Organ Transplant Recipients at Greater Risk for a Variety of Cancers

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The most common cancer among the data analyzed was non-Hodgkin's lymphoma-- a weakened immune system is a known risk factor for the cancer. Engels said many cancers were also detected in the original damaged organ, so often, those who received a lung transplant were then diagnosed with lung cancer, kidney transplant with kidney cancer, which could, again, result from the organ's weakened state.

And for reasons that Engels said were not quite clear, patients were also at greater risk of developing skin cancer.

Doctors have reconstructed Schneider's nose twice because of skin cancer removed from the area.

It is important to maintain recommended follow-ups to detect and treat post-transplant cancers early in their course, preferably before patients become symptomatic, said Dr. Fredric Gordon, medical director of liver transplantation at Lahey Clinic Medical Center in Burlington, Mass.

"To that end, patients should have annual dermatologic exams and Pap smears (if appropriate), and PSAs, colonoscopy, digital rectal examination, etc., as recommended," Gordon said. "Appropriate skin care and sun protection is essential. Avoidance of known carcinogens such as cigarette smoke is also essential."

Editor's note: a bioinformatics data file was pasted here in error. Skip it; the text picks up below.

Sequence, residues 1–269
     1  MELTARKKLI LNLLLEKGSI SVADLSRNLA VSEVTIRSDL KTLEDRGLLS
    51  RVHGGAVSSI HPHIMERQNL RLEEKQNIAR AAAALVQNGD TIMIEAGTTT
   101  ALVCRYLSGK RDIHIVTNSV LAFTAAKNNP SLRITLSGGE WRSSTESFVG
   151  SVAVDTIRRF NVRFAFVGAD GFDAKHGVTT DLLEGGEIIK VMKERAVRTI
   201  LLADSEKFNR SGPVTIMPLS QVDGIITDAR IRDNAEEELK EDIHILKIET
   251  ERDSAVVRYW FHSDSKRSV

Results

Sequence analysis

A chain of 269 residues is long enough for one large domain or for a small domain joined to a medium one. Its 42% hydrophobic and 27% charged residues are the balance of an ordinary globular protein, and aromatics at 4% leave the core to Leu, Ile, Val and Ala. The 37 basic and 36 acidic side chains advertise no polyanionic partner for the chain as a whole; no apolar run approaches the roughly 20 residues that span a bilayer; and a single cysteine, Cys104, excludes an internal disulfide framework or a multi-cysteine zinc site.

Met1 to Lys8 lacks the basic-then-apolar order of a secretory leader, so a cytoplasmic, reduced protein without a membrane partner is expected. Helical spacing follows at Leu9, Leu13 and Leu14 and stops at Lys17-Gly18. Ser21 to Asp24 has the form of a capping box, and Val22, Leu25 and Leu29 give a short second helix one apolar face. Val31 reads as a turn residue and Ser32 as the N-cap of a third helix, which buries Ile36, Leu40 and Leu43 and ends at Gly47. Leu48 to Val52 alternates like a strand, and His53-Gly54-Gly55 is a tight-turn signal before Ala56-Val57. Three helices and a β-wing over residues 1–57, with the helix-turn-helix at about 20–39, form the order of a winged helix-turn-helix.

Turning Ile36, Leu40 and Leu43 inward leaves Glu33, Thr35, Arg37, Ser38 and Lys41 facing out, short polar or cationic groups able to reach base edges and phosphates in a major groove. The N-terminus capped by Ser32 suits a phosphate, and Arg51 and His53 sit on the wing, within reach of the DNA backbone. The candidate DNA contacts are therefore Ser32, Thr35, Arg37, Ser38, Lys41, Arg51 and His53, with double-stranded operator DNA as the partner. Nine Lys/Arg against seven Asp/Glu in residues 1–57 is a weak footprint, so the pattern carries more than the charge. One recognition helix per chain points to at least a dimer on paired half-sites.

Of course, despite the potential cancer diagnosis, experts warn that the study results should not deter patients from receiving transplants.

"Yes, the risk of cancer is higher, but the alternative to transplant is usually death," said Dr. Jeffrey Punch, chief of the section of transplantation in the department of surgery at University of Michigan. "In the case of kidney transplantation where the alternative is dialysis, it still doesn't make sense to dwell on the cancer risk because the most common cause of death in patients with kidney disease is ... heart attacks and strokes."

The risk of these diseases is many times higher in dialysis patients compared to transplant patients, which is why life expectancy is roughly double in kidney transplant patients compared to patients waiting on dialysis despite the risk of more cancer, Punch said.

As for Schneider, she said she leads as healthy a life as possible — she eats well, walks a mile and a half to and from work every day, and drinks copious amounts of water. But really, Schneider said she doesn't worry about the cancer prognosis as much as she worries about kidney failure. And even then, all she can do is take the diagnoses and medical prodding as it comes.

"I never really considered the 'why me?'" said Schneider. "Why not me? I guess I adjusted at an early age to the fact that something is going to get you. I've never seen myself as a victim. I see myself as a survivor."

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